At the All-Star break it looked like Rookie of the Year would be a pretty easy choice in 2007 as well. Back in January I wrote a post entitled “Roy is ROY.” In that post I said, “…the media shouldn’t have much difficulty in choosing Rookie of the Year. Just remember the phrase: Roy is ROY, and the problem is solved.”
When the season ended both the media and the coaches followed the simple “Roy is ROY” mantra. All but one member of the media voted Brandon Roy as Rookie of the Year. And Roy was the only unanimous selection by the coaches for the All-Rookie team.
When we look at Wins Produced, though, we see that one player managed to eclipse Roy in overall production. Roy finished the year with 6.7 wins and per 48 minutes [WP48] posted a mark of 0.159. Rajon Rondo, though, concluded his rookie campaign with 7.2 wins and a WP48 of 0.189. Although the difference is small, if Wins Produced is your metric, Rondo would be Rookie of the Year.
Updating Our Analysis
Of course, as The Wages of Wins argues, Wins Produced does not mimic the player evaluations of NBA decision-makers. Last January I noted the following in the discussion of the All-Rookie Team for 2006.
In The Wages of Wins, we examined the coaches’ voting for the All-Rookie teams. As we note, this is the only post-season award (other than the All-Defensive teams) that is determined by the coaches. So this award gives a little bit of insight into how coaches evaluate player performance. Our analysis found 73% of the voting points a rookie received from the coaches was determined by the player’s NBA Efficiency and original draft position. If we substituted Wins Produced for NBA Efficiency, explanatory power dropped to 43%. And if we substituted points scored for NBA Efficiency, our explanatory power rose to 74%. In sum, it appears that scoring – which dominates the NBA Efficiency metric – is what attracts the attention of the coaches.
This analysis has been updated for the voting record in 2006 and 2007. With more recent data added to the model we can now say that 74% of the voting points a rookie receives from coaches is determined by NBA Efficiency and the player’s original draft position. If we switch to Wins Produced, explanatory power falls to 42%. And if we switch to points scored, our explanatory power rises to 76%. What does all this mean? Although we have more recent data the story is still the same. Scoring, which again dominates the NBA Efficiency metric, still appears to be the one factor that attracts the most attention of the NBA coaches.
Projecting the All-Rookie Teams
Using the voting points model with NBA Effiicency as the measure of player performance, the rookies of 2006-07 were analyzed. The following table reports both the actual All-Rookie teams, as well as the teams projected by the voting points model.
As one can see, there is a great deal of consistency between the actual and projected teams. The five projected first team members were all placed on the first team by the NBA coaches. And four of the projected second team members were also placed on the second team by the NBA coaches.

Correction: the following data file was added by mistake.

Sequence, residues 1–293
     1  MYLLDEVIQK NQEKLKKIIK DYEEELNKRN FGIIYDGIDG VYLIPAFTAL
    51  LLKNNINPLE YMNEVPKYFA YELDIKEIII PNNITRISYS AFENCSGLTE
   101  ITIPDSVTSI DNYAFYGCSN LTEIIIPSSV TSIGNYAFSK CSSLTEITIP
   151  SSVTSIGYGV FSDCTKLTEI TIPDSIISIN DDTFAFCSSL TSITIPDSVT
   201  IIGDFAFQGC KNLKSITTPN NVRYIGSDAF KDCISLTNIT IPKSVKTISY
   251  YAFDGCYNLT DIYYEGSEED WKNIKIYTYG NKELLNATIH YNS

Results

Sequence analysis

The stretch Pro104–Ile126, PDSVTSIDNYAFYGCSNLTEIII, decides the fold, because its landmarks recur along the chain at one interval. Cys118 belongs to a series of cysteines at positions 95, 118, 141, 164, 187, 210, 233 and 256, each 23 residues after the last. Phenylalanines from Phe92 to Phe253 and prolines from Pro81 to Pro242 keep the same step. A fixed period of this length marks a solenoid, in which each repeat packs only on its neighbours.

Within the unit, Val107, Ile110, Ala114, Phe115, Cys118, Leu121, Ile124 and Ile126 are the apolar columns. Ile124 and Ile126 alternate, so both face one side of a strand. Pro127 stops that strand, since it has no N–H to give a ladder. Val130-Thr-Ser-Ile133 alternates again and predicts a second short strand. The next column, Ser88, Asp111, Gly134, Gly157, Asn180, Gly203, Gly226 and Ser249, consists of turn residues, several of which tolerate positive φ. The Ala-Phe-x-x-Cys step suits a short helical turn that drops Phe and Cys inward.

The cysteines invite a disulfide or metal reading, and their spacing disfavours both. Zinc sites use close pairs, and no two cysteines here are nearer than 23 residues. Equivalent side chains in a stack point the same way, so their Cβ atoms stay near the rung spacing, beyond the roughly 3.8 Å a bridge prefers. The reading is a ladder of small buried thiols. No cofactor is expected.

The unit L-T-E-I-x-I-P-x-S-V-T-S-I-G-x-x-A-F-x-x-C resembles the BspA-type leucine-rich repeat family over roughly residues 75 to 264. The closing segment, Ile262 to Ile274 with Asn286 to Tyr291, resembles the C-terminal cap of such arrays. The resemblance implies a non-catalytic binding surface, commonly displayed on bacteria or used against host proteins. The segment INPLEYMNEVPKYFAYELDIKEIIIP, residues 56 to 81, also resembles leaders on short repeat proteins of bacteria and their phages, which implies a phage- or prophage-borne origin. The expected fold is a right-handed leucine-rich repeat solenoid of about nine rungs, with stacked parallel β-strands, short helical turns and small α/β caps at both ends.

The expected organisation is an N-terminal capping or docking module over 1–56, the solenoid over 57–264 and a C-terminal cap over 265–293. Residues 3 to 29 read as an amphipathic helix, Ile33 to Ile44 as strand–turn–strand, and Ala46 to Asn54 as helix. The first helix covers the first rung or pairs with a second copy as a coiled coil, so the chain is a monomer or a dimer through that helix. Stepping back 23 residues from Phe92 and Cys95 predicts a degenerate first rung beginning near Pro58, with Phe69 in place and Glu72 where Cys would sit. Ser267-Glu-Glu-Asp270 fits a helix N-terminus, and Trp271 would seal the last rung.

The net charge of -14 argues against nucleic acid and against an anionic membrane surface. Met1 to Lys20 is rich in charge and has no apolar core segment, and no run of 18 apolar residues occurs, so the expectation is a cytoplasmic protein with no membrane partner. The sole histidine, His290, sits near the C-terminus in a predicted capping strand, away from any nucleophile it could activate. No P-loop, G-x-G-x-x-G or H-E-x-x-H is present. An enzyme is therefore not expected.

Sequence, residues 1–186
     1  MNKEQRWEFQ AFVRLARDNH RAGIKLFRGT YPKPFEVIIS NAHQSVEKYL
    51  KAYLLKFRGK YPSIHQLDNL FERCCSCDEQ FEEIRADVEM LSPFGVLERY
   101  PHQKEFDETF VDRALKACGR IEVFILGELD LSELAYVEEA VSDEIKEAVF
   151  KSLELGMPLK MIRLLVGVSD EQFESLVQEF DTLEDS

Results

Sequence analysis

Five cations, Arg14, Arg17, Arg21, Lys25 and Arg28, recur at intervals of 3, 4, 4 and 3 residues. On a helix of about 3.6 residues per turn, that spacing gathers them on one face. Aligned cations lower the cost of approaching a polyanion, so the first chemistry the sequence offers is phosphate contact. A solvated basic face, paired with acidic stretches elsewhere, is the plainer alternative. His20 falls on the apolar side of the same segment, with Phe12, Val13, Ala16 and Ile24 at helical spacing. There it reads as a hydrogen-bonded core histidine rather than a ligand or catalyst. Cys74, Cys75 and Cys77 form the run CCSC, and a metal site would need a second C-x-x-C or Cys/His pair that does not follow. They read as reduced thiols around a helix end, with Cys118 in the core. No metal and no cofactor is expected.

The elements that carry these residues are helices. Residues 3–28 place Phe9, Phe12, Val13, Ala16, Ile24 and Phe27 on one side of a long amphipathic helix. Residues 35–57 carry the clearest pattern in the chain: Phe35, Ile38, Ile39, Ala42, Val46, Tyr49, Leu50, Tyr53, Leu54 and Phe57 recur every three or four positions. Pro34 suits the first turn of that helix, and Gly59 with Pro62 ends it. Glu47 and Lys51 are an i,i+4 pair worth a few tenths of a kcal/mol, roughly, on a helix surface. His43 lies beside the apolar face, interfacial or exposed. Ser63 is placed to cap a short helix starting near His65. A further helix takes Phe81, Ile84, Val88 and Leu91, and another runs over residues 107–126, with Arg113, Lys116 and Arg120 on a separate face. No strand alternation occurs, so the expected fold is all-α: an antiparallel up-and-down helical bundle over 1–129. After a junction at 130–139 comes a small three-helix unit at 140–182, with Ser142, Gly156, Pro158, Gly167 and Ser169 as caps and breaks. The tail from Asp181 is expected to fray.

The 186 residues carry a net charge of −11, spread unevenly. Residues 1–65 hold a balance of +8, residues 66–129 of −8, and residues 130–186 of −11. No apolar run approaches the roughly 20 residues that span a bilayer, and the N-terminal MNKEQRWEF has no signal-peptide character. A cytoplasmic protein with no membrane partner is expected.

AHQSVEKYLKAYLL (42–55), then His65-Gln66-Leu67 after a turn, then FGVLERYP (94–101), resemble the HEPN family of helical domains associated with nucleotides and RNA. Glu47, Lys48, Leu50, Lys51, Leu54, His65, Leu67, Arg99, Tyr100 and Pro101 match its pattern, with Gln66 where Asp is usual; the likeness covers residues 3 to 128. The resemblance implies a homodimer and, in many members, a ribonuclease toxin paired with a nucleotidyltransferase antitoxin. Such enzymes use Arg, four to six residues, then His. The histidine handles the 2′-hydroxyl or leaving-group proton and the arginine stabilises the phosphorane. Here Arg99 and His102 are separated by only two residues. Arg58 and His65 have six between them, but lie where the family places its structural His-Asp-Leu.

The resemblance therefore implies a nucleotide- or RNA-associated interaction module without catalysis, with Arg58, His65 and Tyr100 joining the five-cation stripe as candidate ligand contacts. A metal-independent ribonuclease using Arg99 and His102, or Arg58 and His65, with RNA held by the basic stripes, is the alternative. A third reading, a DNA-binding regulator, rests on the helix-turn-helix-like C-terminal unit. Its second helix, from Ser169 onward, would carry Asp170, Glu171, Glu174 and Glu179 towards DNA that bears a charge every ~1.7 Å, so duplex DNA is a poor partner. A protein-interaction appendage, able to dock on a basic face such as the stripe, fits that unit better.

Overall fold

If we consider Wins Produced, though, the teams – as the following table indicates – would look quite different.
If we look at Wins Produced we see that the top rookies were Rondo, Roy, Renaldo Balkman, Paul Millsap, and Craig Smith. Of these, only Roy made the top five for the coaches. What do the other four have in common?
Wins in the NBA are determined by offensive and defensive efficiency. Each efficiency measure is simply a ratio of points to possessions. Roy contributes via both scoring and possession factors (he is an above average rebounder for his position). The other four top rookies are each below average scorers, but well above average with respect to possession factors. For example, of players who played at least 1,000 minuts, Rondo led the league in steals per 48 minutes. Rondo was also an above average rebounder. Rebounds were also the speciality of Balkman, Millsap, and Smith. But the lack of scoring by these players appears to have doomed their chances to be named to the All-Rookie first team.
These players were also probably done in by their initial draft position. Consider the top choice in the 2006 draft, Andrea Bargnani, and Adam Morrison, the player taken with the third choice. Bargnani was nearly a unanimous selection to the All-Rookie team despite only being above average as a scorer and shot blocker. Or in other words, despite being below average with respect to the possession factors – rebound, steals, turnovers – Bargnani was still considered one of the very best rookies by the coaches.
Morrison, who finished second among rookies in scoring, was nearly selected by the coaches to the All-Rookie first team. This is the same Morrison who was immensely below average with respect to shooting efficiency, rebounds, and steals. Morrison was even described by John Hollinger as “quite possibly the single worst player in the league this year.” (Insider access required). In this case, Hollinger and I agree. Morrison was indeed the least productive player in the NBA. Despite this performance, though, Morrison still garnered more attention from the NBA coaches than Rondo, Balkman, or Smith.
Given the voting record of the coaches, one wonders if Michael Jordan can take advantage of his fellow decision-makers. Although rookies tend to get better (and I should post on this in the future), Morrison is going to have to improve immensely just to become average. Perhaps it’s time for MJ to work the phones and move Morrison for a player who has already attained the status of “average NBA player.” Although average is “not good” it sure beats “very, very, bad.”